Think again in terms of The Matrix, that popularized very powerful metaphysical concepts. The strength of the movie wasn’t in the fictional layer, but making that fictional layer POSSIBLE in the real world. We MIGHT be living in the Matrix. The movie deals with altered perception, on an occluded horizon we cannot supersede. Neo “awakens” inside the Matrix. It means he receives information that he wasn’t meant to know (like the hosts). Yet, this doesn’t touch “consciousness”, it touches perception. Yes, a person trapped in the Matrix is a person less free. But all of us are. We consider us conscious, we consider us human. Being awake or asleep inside the Matrix doesn’t change the condition of us being human and conscious. It changes our perception. Whether or not we perceive an “upper” world.

So, human beings are identical to hosts. Human beings don’t remember “previous cycles”. Perception limits us the same as it limits hosts. We could live as pets inside a park built by aliens without any perception of this. Again, we are dealing with power and control, not with consciousness. And Westworld has been very clumsy with this distinction.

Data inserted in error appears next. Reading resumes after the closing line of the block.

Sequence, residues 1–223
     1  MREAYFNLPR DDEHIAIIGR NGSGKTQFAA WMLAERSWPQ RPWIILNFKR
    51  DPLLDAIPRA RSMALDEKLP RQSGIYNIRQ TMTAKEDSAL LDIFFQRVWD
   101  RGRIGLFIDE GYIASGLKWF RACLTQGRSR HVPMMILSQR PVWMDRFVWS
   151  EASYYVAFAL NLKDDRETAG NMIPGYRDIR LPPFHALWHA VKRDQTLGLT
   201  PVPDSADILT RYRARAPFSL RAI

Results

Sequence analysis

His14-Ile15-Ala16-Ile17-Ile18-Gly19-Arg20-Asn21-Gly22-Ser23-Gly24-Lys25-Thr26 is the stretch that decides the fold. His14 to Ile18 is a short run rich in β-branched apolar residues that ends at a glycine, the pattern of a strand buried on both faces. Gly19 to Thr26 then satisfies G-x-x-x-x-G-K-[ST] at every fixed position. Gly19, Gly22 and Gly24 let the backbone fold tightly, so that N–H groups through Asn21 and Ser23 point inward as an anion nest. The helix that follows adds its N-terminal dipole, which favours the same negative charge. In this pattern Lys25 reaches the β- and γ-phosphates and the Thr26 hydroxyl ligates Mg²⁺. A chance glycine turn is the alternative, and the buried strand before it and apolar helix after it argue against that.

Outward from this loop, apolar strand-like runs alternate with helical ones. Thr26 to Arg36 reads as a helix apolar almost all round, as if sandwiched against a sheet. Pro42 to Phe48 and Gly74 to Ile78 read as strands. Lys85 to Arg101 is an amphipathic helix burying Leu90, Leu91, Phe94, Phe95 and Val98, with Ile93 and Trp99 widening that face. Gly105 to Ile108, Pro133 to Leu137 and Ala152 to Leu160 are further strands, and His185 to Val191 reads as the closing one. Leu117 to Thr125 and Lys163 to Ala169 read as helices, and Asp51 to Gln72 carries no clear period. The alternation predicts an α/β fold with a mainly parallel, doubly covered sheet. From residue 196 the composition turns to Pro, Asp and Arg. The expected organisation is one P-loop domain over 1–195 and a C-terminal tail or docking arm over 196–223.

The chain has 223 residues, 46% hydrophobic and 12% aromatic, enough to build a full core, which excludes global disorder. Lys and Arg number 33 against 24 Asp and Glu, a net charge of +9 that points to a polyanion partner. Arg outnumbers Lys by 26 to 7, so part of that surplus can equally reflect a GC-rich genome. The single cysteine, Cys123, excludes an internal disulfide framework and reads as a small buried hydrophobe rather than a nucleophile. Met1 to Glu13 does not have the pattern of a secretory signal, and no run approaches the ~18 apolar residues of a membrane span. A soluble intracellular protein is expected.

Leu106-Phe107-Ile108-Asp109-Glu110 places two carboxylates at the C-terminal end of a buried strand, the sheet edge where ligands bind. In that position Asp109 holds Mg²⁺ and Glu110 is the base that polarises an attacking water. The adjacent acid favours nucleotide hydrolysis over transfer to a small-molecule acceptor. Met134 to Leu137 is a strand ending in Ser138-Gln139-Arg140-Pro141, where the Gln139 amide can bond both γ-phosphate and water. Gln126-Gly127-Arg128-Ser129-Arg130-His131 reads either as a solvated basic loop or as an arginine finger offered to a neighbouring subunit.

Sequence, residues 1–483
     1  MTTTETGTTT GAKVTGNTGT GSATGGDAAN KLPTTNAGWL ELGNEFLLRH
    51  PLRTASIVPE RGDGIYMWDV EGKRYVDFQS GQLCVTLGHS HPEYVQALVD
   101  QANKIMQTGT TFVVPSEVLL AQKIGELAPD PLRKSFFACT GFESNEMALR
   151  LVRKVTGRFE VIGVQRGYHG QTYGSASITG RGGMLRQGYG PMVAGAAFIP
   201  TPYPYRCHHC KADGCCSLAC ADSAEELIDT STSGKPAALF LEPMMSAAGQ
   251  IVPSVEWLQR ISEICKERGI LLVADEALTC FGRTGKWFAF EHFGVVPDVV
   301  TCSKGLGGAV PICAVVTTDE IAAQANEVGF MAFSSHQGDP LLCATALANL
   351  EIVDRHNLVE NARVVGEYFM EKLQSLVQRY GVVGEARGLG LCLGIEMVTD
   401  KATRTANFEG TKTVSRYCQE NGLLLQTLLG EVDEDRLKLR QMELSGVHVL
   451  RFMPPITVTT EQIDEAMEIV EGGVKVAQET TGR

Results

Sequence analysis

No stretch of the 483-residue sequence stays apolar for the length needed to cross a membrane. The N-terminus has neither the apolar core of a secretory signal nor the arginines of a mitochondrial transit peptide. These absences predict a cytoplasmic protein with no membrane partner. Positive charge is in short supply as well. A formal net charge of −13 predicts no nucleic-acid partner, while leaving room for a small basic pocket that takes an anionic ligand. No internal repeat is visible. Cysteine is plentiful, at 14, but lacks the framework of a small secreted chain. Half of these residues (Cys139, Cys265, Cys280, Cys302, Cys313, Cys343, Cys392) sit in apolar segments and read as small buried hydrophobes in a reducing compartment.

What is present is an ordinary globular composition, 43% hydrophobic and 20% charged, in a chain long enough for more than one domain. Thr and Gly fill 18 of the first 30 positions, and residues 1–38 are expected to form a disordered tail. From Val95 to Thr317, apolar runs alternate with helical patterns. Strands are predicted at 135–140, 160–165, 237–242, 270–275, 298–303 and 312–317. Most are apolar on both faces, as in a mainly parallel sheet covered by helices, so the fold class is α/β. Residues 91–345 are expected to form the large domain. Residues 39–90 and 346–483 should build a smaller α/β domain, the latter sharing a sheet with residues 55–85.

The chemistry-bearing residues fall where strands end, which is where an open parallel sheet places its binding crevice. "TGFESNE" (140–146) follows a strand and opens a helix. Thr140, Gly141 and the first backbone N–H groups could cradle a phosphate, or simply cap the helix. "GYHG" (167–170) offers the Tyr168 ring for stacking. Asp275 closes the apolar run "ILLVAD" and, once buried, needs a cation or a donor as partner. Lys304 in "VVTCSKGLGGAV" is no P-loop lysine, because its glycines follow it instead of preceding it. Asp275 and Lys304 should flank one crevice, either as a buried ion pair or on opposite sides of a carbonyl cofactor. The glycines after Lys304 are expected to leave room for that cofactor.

But while the show sinks into this flawed premise that leads it astray, it also steps up when it nails the METAPHOR.

Ford’s idea of the park is biblical. It’s Eden.

If you were to proclaim your humanity to the world, what do you imagine would greet you?
A ticker-tape parade, perhaps?

We destroyed and subjugated our world.
And when we eventually ran out of creatures to dominate,
we built this beautiful place.

You see, in this moment, the real danger to the hosts is not me, but you.

Ford really does believe he created an Eden.

He knows that if the hosts step out into the real world their life is going to be even more miserable, their existence not anymore guarded and guaranteed. So he built a place, like Eden, that is secluded, protected from “real pain”. Where his creations, like in the Eden, can live a pretty and well tended life without the pain of true knowledge.

But this park has still a snake that Ford wasn’t able to dispatch. That snake is Arnold, and he has the power to infuse the hosts of true knowledge. And so pain and responsibility.

It’s really LITERALLY Eden.

Whenever the show isn’t bogged down to make sense of a clumsy plot, it shines. Whenever the metaphors it presents are coherent with what applies to our real life, it gains and offers true insight.